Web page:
Sunday, October 1, 2017
[San Bernardino County] Apple Valley Unified denies towing wrongdoing, but will change its practices anyway
Apple Valley Unified disagrees with almost everything in a San Bernardino County Grand Jury report questioning its towing practices, but the school district still has changed its procedures.
“The district respectfully disagrees with the grand jury’s conclusion that the AVUSD-PD did not have authority to stop, cite or tow vehicles,” the 21-page letter, signed by Superintendent Thomas Hoegerman, reads in part.
The district’s response to the grand jury, released Monday, cites the California Penal Code, which states peace officers have authority throughout the state.
“Notwithstanding this objection, the district has made significant improvements to its towing procedures in an effort to limit the number of tows and potential financial impact on cited drivers whose vehicles are towed,” Hoegerman wrote.
In an Aug. 8 directive to staff, provided as an attachment to the district’s response to the jury, Hoegerman wrote that the district police department’s mission was to “provide a safe environment for students, staff and parents, while on campus; to provide a safe route to and from school; to protect district assets and to build a positive relationship with students, parents and the community.”
Hoegerman writes that traffic control will occur only “briefly” before and after school, as well as during the school day, including during after-school and weekend school-related activities.
And contrary to grand jury concerns about how far afield stops had been made in previous years, he directed officers to patrol “within the school zone” or immediately adjacent to the school, a school bus stop or along a route to school.
Traffic stops are also only to be made for reasons that will be “clearly and concisely” explained in a police report, and include a fairly standard list of traffic violations or concerns.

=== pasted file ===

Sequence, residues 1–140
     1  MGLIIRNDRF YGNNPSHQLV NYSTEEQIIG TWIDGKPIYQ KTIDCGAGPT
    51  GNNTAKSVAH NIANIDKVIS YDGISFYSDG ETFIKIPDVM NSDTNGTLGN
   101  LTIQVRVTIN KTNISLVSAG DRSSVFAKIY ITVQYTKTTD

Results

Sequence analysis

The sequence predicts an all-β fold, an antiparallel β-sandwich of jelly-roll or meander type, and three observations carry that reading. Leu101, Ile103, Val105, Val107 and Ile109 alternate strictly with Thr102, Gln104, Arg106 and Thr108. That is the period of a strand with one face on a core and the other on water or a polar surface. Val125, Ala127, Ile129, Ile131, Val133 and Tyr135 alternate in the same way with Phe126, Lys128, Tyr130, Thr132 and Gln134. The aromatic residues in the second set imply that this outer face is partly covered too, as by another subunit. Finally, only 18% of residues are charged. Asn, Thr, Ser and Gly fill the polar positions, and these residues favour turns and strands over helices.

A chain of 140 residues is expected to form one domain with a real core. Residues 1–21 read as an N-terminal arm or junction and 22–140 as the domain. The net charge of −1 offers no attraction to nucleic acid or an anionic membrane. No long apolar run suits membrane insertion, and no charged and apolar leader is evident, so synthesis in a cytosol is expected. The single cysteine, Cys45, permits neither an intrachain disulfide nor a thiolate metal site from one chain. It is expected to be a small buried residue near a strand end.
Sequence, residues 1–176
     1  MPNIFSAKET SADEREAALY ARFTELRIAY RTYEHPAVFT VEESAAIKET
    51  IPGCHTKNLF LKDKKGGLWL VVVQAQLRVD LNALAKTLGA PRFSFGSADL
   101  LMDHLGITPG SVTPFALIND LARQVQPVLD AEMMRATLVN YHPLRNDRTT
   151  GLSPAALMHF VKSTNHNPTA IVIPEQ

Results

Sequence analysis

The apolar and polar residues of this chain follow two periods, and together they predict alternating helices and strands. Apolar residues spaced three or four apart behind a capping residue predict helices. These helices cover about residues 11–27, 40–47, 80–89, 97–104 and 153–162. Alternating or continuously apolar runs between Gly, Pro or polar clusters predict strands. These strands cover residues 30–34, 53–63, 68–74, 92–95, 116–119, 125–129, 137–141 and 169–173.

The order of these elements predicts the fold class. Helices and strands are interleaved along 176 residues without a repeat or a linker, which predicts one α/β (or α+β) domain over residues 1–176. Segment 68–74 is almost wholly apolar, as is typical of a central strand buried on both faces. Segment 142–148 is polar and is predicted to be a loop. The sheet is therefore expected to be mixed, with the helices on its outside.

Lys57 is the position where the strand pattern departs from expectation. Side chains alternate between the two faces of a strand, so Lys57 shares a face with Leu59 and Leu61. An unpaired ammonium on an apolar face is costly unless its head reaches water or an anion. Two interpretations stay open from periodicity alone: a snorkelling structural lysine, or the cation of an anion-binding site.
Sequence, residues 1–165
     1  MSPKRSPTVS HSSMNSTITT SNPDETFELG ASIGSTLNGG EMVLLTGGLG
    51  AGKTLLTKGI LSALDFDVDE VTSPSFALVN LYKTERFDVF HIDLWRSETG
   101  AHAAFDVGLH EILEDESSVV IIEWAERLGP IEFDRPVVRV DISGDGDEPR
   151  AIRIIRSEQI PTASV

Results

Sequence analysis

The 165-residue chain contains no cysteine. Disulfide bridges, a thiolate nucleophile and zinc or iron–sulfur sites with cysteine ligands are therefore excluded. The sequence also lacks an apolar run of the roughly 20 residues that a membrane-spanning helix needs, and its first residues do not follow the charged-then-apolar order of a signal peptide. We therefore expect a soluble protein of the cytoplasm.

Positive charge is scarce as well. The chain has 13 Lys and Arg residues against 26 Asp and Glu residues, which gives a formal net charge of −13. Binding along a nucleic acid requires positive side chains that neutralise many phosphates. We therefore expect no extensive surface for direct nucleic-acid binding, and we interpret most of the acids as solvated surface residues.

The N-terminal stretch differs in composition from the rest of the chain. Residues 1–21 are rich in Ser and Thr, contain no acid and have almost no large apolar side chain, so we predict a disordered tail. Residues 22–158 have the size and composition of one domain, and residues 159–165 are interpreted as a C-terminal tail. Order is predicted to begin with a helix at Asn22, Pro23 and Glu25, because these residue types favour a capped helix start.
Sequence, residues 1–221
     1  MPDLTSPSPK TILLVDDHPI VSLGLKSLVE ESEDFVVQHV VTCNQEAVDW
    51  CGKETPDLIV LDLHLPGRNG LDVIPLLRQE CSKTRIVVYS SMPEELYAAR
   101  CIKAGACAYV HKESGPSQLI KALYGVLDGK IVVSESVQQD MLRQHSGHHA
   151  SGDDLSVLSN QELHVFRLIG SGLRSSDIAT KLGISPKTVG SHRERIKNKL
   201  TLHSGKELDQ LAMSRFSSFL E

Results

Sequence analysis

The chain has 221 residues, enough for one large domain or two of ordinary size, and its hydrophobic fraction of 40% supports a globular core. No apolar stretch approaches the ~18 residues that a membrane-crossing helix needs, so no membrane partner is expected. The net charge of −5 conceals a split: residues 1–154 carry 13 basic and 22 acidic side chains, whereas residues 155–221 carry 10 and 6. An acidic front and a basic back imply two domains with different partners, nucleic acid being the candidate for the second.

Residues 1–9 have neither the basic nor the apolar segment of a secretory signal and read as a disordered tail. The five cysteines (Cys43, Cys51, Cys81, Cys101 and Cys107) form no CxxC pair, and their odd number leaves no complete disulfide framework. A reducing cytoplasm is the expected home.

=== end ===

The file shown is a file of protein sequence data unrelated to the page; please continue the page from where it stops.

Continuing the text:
“There must be a clear nexus for the reasonable person to see the relationship of safety and the citation,” Hoegerman wrote in the directive. And those citations all will be reviewed by the district’s chief of police.
And vehicles being towed have to be cleared through the chief of police via the dispatch office. The tow companies used will be rotated, and the registered driver, any lien holder and the registered driver will be notified by mail that the car has been towed and why.
This new, more precise definition of the school police department’s “geographical and substantive area of responsibilities” was developed with the help of law enforcement professionals, former Fontana Unified police chief Robert Radcliff, and legal counsel, according to Hoegerman’s response to the grand jury.
The grand jury’s report said that, from 2014 through 2016, district police officers had more than 700 vehicles towed — two-and-a-half times the number towed by San Bernardino City Unified, an agency four times larger than Apple Valley.
Of the 727 vehicles towed, Big Apple Automotive, owned by former Apple Valley Town Councilman Jack Collingsworth, could account for only about 30 percent, or 217, of the vehicles, the grand jury said in its report.
During that period, the grand jury report concluded that officers issued citations and had vehicles towed well outside their jurisdiction, including one citation issued at the intersection of Milpas Drive and Highway 18, nearly 6 miles east of the nearest district school, Granite Hills High School.
Only about two dozen of California’s more than 900 public school districts have their own police departments.
In nearby Victor Valley, the Hesperia Unified School District Police Department did not have any vehicles towed over the same three-year period, and the Snowline Unified School District in nearby Phelan had only one abandoned vehicle towed, according to the grand jury. Elsewhere in San Bernardino County, police at San Bernardino City Unified had 272 vehicles towed, while Fontana Unified police had only 169 vehicles towed, according to the grand jury report.
The grand jury report also alleged that more than 500 cars towed by Big Apple on behalf of Apple Valley Unified couldn’t be accounted for.
“The district respectfully disagrees with the grand jury’s sweeping, inaccurate conclusion,” the district said in its grand jury response. “In a joint effort with the towing company, the district reviewed and confirmed tow records for all 500 of the allegedly unaccounted for vehicles.”
Sometime in the next two months, Apple Valley Unified will seek proposals from towing companies. It will require those companies to keep computerized records of all vehicles towed on the district’s behalf and make those records available to the district upon request.
September 29, 2017
San Bernardino Sun
By Beau Yarbrough